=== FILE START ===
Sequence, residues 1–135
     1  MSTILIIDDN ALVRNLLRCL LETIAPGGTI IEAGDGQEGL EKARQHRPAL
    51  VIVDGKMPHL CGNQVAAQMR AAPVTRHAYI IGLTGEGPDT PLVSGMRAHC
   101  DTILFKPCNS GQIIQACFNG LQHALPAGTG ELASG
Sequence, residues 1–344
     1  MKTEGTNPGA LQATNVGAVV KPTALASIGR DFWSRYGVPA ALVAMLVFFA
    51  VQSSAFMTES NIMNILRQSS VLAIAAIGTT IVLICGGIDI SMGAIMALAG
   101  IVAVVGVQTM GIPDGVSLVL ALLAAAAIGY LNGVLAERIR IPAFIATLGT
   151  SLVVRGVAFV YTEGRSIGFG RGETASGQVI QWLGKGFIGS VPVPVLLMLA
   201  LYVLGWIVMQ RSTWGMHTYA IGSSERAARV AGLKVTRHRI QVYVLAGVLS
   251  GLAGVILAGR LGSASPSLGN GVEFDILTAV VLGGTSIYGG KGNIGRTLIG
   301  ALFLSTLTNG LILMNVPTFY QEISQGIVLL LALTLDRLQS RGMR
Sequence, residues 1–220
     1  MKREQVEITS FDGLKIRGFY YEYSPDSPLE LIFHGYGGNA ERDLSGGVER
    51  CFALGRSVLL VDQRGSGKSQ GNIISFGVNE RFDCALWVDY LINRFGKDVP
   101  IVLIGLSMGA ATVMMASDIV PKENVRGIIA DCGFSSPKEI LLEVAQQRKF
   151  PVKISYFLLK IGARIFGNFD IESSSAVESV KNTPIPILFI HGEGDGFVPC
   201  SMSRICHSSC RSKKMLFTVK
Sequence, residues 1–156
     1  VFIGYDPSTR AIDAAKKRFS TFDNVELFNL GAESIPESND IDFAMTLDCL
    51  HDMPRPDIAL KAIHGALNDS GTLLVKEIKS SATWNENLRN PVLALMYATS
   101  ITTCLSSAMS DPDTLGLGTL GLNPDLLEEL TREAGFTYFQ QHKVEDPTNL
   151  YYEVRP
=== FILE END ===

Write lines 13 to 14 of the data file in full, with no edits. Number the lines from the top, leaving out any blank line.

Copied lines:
Sequence, residues 1–220
     1  MKREQVEITS FDGLKIRGFY YEYSPDSPLE LIFHGYGGNA ERDLSGGVER